Did you know that in Hong Kong, two out of five kindergarten children have tooth decay? Studies conducted by the University of Hong Kong’s Faculty of Dentistry show that despite a slight decline over the years, rates of child dental caries in Hong Kong remain much higher compared to other world cities. In our interview with Doctor Carrie Tse, a dental surgeon and mother, we get advice on how to improve and maintain our children’s dental health.
It is usually advised that parents can take their children to see the dentist as soon as they have their first teeth. It helps build a relationship with the dentist so they continue to know them and won’t be afraid to have someone check their teeth. Ideally, for children to comprehend and understand what is happening, age 2-3 years old can be their first full check-up because most of the time by 3 years old, they should have all their baby teeth. If children are low-risk, meaning they don’t have many issues with their teeth, parents can consider visiting the dentist annually. If high-risk, meaning they already have issues like cavities, parents can consider bringing them twice a year for maintenance. It really depends case to case, and your dentist can give you advice on your first visit.
For a healthy average child, there does not need to be any supplemented fluoride in their diet. Hong Kong does have naturally occurring fluoride in the water, however, I believe fluoride isn’t the main issue for healthy teeth. The practice of good hygiene with brushing and flossing, with parents helping to re-brush after their children brush, and also good diets, minimizing sugars are the keys to healthy teeth.
Once children know how to spit and rinse without swallowing, they can use a pea-size amount of fluoridated toothpaste. Otherwise, you can use non-fluoridated toothpaste to help them build a habit and practice using toothpaste. Flossing can be done by the parents, as this requires good dexterity.
Dental sealants are used for those who have naturally deep grooves and fissures on the surfaces or sides of their teeth. Most will recommend that once the first adult molars come up (usually around 5-6 years old) to seal these grooves and fissures to protect them from plaque getting trapped leading for risk of future cavities. I can’t give a blanket statement that every child should have these, as it also is case by case, so parents will need to listen to the advice of their dentist.
Prolonged use of pacifiers or thumb-sucking may adversely affect their tooth alignment and bone growth. However, after becoming a mother, I realized how hard it is to blatantly recommend not having soothers for babies, as it has its pros (as in, having a baby not cry all day long!). I would say both need guarded use, and as much as possible try to discontinue the use once their baby teeth have all erupted and limit the time they use it i.e. only for bedtime.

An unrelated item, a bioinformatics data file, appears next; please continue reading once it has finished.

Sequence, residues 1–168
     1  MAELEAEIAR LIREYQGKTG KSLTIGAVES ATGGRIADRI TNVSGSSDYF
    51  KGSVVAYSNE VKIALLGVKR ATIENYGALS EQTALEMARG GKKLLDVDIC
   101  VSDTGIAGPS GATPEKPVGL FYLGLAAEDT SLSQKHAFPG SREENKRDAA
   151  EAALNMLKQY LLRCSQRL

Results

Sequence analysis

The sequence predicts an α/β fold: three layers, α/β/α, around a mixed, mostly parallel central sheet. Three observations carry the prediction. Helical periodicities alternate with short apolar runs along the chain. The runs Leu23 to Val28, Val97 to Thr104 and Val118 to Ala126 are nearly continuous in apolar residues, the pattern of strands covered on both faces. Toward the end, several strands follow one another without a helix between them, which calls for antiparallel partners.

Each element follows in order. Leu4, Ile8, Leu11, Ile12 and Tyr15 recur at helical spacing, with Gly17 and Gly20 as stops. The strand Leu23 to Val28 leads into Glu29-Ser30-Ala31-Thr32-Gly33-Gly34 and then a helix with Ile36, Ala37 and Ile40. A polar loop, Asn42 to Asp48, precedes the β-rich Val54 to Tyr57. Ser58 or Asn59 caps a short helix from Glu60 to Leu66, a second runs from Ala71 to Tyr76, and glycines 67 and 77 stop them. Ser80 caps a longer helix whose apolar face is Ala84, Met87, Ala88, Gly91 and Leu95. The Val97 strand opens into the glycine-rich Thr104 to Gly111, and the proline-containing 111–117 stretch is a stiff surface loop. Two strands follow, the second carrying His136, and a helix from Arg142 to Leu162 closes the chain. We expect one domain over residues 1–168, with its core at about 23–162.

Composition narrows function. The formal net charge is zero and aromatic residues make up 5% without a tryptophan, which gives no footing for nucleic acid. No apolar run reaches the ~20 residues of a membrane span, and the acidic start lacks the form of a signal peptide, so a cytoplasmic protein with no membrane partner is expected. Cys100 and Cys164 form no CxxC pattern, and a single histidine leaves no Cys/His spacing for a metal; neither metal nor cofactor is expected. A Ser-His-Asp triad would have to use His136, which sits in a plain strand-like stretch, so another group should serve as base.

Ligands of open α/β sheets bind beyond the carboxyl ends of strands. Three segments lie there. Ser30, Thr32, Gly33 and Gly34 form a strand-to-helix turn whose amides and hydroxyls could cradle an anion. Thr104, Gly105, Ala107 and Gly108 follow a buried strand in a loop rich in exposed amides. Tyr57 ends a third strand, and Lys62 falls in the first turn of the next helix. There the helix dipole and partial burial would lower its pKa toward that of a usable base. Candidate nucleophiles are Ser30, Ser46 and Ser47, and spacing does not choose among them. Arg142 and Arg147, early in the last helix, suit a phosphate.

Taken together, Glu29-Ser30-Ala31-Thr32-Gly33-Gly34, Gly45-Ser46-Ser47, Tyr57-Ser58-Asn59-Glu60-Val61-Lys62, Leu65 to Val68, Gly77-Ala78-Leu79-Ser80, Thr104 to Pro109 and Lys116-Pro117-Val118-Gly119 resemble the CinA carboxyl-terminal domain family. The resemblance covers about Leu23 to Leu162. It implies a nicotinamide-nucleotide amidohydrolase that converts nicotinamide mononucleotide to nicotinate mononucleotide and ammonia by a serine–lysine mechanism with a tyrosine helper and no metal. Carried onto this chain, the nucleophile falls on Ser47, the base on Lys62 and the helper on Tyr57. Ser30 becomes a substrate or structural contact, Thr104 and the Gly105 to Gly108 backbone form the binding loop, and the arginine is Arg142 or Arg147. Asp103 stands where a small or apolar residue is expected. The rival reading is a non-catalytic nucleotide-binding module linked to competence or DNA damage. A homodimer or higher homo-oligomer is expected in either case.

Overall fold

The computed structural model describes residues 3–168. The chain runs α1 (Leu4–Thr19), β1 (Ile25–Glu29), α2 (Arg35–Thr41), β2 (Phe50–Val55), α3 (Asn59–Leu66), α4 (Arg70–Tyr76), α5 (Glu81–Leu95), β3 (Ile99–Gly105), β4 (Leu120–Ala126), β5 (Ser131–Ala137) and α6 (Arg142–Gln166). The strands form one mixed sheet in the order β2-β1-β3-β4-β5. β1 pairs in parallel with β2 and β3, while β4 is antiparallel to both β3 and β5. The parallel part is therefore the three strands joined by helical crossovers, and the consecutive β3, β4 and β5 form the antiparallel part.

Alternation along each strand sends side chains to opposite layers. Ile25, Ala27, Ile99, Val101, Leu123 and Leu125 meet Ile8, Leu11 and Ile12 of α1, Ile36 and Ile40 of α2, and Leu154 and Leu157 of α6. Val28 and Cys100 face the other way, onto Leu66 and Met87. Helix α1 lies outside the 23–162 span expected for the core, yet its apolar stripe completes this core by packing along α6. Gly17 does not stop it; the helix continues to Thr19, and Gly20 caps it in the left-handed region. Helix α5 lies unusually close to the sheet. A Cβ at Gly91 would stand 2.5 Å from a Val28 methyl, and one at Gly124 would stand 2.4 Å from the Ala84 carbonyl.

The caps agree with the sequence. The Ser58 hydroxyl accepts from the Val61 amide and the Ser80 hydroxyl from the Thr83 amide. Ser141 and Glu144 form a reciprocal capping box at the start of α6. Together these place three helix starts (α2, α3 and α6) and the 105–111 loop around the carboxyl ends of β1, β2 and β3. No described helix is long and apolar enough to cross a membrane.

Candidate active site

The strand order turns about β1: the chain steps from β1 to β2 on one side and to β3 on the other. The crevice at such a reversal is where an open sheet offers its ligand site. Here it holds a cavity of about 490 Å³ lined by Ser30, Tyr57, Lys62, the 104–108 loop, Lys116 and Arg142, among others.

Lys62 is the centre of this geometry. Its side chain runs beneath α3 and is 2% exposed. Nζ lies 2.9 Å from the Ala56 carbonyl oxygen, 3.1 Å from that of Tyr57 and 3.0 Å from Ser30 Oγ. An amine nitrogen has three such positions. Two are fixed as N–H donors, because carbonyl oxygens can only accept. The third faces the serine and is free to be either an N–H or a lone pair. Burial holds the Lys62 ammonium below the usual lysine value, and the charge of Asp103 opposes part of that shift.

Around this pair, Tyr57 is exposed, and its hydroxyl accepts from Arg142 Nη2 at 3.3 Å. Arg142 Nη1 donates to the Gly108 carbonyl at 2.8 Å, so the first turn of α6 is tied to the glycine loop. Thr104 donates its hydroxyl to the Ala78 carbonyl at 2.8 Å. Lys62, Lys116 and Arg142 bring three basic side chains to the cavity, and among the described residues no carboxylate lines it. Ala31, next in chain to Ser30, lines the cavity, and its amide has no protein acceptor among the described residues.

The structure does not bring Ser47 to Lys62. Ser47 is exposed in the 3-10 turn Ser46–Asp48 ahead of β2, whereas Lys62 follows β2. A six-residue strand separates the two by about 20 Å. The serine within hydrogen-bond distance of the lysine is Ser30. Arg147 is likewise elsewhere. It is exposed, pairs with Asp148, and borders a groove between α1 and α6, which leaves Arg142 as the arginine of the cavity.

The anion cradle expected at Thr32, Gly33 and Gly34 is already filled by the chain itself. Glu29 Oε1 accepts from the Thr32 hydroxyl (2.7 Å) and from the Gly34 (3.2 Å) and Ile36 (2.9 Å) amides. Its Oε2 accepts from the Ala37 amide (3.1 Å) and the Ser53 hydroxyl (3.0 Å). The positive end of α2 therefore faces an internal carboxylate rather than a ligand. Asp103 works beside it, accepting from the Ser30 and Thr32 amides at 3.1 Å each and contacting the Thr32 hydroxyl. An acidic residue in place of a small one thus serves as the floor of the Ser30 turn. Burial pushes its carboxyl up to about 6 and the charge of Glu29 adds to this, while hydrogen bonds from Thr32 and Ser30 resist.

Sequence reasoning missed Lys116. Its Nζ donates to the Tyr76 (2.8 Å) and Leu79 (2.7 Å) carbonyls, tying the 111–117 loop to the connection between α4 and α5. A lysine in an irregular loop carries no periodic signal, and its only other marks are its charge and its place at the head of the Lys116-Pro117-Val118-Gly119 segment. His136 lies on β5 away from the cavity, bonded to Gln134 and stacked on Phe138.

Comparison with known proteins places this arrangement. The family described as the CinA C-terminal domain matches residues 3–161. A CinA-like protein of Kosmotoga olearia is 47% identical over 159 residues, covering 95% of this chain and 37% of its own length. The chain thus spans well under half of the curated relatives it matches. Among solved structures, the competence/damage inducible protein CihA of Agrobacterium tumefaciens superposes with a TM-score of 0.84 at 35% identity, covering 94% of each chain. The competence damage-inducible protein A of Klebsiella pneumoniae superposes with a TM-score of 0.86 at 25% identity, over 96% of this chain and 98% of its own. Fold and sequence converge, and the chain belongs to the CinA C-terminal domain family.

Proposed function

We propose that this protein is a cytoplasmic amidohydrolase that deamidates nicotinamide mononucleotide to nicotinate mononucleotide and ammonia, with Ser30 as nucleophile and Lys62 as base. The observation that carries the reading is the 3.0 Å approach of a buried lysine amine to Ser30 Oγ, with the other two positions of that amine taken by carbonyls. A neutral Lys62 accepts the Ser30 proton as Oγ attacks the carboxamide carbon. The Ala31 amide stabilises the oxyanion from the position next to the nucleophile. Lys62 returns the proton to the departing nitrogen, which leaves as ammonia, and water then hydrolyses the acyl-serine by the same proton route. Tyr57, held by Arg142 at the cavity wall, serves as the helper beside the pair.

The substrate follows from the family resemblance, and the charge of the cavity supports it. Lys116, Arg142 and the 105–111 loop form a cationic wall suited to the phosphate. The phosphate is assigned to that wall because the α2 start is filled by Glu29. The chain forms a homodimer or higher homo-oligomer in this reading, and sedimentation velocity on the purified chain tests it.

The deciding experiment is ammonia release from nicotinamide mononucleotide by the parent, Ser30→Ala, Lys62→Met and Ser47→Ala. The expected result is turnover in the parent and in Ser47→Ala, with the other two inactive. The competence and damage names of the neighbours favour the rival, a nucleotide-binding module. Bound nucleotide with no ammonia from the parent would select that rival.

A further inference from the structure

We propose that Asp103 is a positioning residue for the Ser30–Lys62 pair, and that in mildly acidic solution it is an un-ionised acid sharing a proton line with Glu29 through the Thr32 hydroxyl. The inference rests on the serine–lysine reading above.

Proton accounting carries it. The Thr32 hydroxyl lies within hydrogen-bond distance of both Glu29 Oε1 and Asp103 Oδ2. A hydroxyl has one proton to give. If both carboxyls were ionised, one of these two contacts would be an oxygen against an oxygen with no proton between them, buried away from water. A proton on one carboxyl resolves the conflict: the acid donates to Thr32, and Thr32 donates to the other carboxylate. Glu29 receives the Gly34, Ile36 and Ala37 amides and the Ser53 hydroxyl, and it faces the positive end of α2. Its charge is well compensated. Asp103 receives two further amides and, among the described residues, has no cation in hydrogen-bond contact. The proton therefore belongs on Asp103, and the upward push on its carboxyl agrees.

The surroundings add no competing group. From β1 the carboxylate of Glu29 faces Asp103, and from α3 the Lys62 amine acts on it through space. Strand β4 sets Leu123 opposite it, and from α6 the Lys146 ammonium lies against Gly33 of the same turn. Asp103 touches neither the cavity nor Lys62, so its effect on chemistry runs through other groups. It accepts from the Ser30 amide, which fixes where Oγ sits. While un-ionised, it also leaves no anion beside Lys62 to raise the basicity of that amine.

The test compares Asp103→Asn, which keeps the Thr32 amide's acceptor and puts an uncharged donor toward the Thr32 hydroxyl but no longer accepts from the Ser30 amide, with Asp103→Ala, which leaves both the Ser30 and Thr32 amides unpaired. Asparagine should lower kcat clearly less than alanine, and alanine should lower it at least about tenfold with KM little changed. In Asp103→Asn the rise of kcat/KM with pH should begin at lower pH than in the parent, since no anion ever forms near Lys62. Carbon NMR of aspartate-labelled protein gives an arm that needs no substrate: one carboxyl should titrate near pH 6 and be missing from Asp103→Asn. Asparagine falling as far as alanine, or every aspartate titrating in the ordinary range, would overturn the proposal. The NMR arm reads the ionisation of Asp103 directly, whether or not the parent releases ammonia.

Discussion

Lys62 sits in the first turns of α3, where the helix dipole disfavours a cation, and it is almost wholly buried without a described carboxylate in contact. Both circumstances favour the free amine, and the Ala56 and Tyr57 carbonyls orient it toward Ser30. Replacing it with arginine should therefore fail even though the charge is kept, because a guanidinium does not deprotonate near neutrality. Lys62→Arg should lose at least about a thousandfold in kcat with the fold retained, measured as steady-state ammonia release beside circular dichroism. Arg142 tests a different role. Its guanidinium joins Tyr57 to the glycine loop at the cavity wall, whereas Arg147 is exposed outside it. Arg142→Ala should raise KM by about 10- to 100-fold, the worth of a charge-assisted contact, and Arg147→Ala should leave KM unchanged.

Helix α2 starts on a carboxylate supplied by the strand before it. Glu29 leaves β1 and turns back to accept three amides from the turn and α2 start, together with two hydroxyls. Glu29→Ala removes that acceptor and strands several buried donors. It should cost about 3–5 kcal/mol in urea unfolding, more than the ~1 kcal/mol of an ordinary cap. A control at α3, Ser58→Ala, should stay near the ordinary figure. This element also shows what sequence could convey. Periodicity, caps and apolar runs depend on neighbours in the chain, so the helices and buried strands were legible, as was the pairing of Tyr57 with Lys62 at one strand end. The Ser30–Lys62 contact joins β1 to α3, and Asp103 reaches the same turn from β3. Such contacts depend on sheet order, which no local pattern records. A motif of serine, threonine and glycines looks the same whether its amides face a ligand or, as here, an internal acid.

In Hong Kong, it is cavities, as mentioned. One big advice other than the key ones I’ve previously mentioned about good hygiene and diet – is night bottle-feeding. As much as possible, try not to let your babies go to sleep with the milk bottle. This is the cause of multiple cavities in young children.
Parents always ask how they get their children to brush their teeth or want to brush their teeth. My advice is start young and model positive and good behaviors. Babies, toddlers, children, young teenagers are smart. They know what’s important to you, if you do it; so whenever possible, model brushing your teeth in the morning and night as a routine. Model flossing, going to the dentist, and not being afraid. At the end of the day, we really aren’t that scary when everyone does their part.
Dr. Carrie (Kar Wing) Tse is a Dental Surgeon at Smart Dental Hong Kong, and was previously at the Prince Philip Dental Hospital. She graduated from the University of Western Ontario, with an honors in Bachelor of Science, and then studied Dental Surgery at The University of Hong Kong, receiving her Bachelor of Dental Surgery qualification.
This article was independently written by Healthy Matters. It is informative only and not intended to be a substitute for professional medical advice, diagnosis or treatment. It should not be relied upon for specific medical advice.
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